September 2016
Volume 57, Issue 12
Open Access
ARVO Annual Meeting Abstract  |   September 2016
Study Design and Methods for a Population-based Study on the Prevalence and Causes of Distance and Near Vision Impairment and Blindness in Parintins City: The Brazilian Amazon Region Eye Survey (BARES)
Author Affiliations & Notes
  • Solange Rios Salomao
    Oftalmologia e Ciencias Visuais, Universidade Federal de Sao Paulo, Sao Paulo, Brazil
  • Sergio Munoz
    Salud Publica, Universidad de La Frontera, Temuco, Chile
  • Joao M Furtado
    Oftalmologia e Ciencias Visuais, Universidade Federal de Sao Paulo, Sao Paulo, Brazil
    Oftalmologia, Otorrinolaringologia e Cirurgia de Cabeca e Pescoco, Faculdade de Medicina de Ribeirao Preto USP, Ribeirao Preto, Brazil
  • Alberto Nunes Ferraz Jr.
    Oftalmologia e Ciencias Visuais, Universidade Federal de Sao Paulo, Sao Paulo, Brazil
  • Adriana Berezovsky
    Oftalmologia e Ciencias Visuais, Universidade Federal de Sao Paulo, Sao Paulo, Brazil
  • Nivea Nunes Cavascan
    Oftalmologia e Ciencias Visuais, Universidade Federal de Sao Paulo, Sao Paulo, Brazil
  • Paula Y Sacai
    Oftalmologia e Ciencias Visuais, Universidade Federal de Sao Paulo, Sao Paulo, Brazil
  • Marcia Regina Kimie Higashi Mitsuhiro
    Oftalmologia e Ciencias Visuais, Universidade Federal de Sao Paulo, Sao Paulo, Brazil
  • Jacob Moyses Cohen
    Divisao de Oftalmologia, Depto. de Cirurgia, Universidade Federal do Amazonas, Manaus, Brazil
    Instituto de Olhos de Manaus, Manaus, Brazil
  • Rubens Belfort
    Oftalmologia e Ciencias Visuais, Universidade Federal de Sao Paulo, Sao Paulo, Brazil
  • Footnotes
    Commercial Relationships   Solange Salomao, None; Sergio Munoz, None; Joao Furtado, None; Alberto Ferraz Jr., None; Adriana Berezovsky, None; Nivea Cavascan, None; Paula Sacai, None; Marcia Mitsuhiro, None; Jacob Cohen, None; Rubens Belfort, None
  • Footnotes
    Support  Conselho Nacional de Desenvolvimento Científico e Tecnológico – CNPq, Brasília, Brasil, Programa Ciência sem Fronteiras (Grant # 402120/2012-4 to SRS, SM and JMF; Research Scholarships to SRS and RBJ); Fundação de Amparo à Pesquisa do Estado de São Paulo, FAPESP, São Paulo, Brasil (Grant # 2013/16397-7 to SRS); Sight First Program – Lions Club International Foundation (Grant # 1758 to SRS).
Investigative Ophthalmology & Visual Science September 2016, Vol.57, 1570. doi:
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      Solange Rios Salomao, Sergio Munoz, Joao M Furtado, Alberto Nunes Ferraz Jr., Adriana Berezovsky, Nivea Nunes Cavascan, Paula Y Sacai, Marcia Regina Kimie Higashi Mitsuhiro, Jacob Moyses Cohen, Rubens Belfort; Study Design and Methods for a Population-based Study on the Prevalence and Causes of Distance and Near Vision Impairment and Blindness in Parintins City: The Brazilian Amazon Region Eye Survey (BARES). Invest. Ophthalmol. Vis. Sci. 2016;57(12):1570.

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      © ARVO (1962-2015); The Authors (2016-present)

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Abstract

Purpose : To describe the study design, operational strategies, procedures, and baseline characteristics of the Brazilian Amazon Region Eye Survey (BARES), a population-based assessment of the prevalence and causes of distance and near visual impairment/blindness in older adults.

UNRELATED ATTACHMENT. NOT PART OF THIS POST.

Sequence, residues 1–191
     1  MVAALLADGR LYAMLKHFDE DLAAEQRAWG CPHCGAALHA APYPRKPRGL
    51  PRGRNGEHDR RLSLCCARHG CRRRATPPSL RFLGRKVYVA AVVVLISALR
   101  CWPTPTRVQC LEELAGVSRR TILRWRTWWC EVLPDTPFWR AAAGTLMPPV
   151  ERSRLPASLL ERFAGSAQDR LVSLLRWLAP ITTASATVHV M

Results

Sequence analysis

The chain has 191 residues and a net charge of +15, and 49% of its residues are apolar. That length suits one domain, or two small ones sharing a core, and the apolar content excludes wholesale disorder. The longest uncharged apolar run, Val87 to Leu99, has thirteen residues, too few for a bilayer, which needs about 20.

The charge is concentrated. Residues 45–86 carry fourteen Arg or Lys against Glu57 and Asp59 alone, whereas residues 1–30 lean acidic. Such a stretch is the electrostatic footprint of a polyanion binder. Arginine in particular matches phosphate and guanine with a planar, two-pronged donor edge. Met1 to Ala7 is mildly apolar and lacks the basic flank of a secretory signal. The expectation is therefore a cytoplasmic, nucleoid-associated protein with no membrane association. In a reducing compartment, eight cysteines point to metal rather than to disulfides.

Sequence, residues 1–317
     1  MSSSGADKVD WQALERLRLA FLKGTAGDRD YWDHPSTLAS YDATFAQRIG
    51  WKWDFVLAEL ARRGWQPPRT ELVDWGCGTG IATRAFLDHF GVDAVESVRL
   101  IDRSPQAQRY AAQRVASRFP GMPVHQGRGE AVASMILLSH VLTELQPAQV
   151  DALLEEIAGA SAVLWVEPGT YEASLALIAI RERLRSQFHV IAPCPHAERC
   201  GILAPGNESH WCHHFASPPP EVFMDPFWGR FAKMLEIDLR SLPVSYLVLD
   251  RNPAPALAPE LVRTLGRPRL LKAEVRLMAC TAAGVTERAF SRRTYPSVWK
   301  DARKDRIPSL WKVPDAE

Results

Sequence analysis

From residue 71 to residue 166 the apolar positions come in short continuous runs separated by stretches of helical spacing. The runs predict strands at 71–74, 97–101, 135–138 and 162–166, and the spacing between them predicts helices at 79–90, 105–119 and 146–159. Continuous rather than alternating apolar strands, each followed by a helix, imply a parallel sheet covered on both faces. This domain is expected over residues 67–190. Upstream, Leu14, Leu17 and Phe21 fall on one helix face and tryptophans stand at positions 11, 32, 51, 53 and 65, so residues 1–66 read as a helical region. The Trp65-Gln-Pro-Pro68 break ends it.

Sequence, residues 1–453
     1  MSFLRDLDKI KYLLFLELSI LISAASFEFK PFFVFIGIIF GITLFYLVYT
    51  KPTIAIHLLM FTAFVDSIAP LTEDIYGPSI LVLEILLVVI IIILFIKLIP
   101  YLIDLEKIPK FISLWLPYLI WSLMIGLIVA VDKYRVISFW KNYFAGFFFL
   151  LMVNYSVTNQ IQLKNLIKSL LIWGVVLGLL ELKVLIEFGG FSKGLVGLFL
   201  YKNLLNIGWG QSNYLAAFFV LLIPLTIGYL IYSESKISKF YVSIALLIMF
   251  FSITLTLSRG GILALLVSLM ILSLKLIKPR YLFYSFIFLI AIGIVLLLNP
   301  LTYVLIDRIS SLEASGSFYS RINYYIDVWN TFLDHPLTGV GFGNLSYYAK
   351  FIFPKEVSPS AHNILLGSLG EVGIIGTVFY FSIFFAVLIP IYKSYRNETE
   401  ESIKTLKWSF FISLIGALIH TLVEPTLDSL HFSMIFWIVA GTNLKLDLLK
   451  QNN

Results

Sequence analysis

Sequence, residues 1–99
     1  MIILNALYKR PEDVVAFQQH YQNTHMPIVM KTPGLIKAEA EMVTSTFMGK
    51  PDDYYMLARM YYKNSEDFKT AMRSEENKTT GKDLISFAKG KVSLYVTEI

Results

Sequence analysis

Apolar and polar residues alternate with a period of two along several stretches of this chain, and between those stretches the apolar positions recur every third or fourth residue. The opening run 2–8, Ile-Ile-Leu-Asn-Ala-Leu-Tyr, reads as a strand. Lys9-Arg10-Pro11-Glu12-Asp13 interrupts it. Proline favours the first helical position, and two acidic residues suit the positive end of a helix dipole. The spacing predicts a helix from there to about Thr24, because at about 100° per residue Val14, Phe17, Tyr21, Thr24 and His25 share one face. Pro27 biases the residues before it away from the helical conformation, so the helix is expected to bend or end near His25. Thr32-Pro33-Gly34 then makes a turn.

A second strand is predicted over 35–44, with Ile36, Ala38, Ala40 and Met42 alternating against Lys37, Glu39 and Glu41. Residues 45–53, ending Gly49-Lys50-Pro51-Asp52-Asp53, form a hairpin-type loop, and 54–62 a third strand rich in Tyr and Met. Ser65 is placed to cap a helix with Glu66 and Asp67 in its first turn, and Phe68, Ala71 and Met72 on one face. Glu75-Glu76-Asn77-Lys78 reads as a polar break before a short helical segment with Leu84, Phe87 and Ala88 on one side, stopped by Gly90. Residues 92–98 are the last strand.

Methods : BARES is a population-based cross-sectional prospective study conducted from March 2014 to May 2015 in four visits to Parintins city. Participants were residents 45 years and older from 14 urban and 6 rural randomly selected clusters. A door-to-door interview was performed and household residents were listed along with information on their age, gender and shooling. Eligible participants were invited for an eye examination including distance and near visual acuity, automated and subjective refraction, intraocular pressure, detailed anterior and posterior segment examination with emphasis on previous cataract surgery and its possible complications, spectral domain ocular coherence tomography, photography of anterior and posterior segment. Rural residents were tested with portable equipment available in a clinical basis assembled on a boat to allow access to those living on the margins of the river. Information on glasses usage, previous cataract surgery, self-reported diabetes and fundoscopy in the last year were taken from each participant. Free-of-charge treatment was provided (glasses, surgery etc).

Results : Out of 9930 (5878 urban and 4052 rural) residents, 2383 (1410 urban and 973 rural) were eligible and 2042 (1180 urban and 862 rural) had a clinical examination (response rate of 85.7%). The majority of participants 1036 were female (50.7%); the average (standard deviation) age was 59.9 (11.2) years (60.2±11.2 for urban and 59.5±11.1 for rural); 1357 (66.5%) had primary schooling or less (57.8% in urban and 78.3% in rural) and 57.8% were residents of urban areas. The age distribution between genders was similar (p=0.178). Both gender and age distributions of the current sample were comparable to that of the Brazilian Amazon Region.

Conclusions : BARES has recruited Brazilian Amazonians 45 and older for an ophthalmic epidemiologic study. The BARES cohort will provide information about the prevalence and causes of near and distance vision impairment/blindness in this underprivileged and remote population in Brazil.

This is an abstract that was submitted for the 2016 ARVO Annual Meeting, held in Seattle, Wash., May 1-5, 2016.

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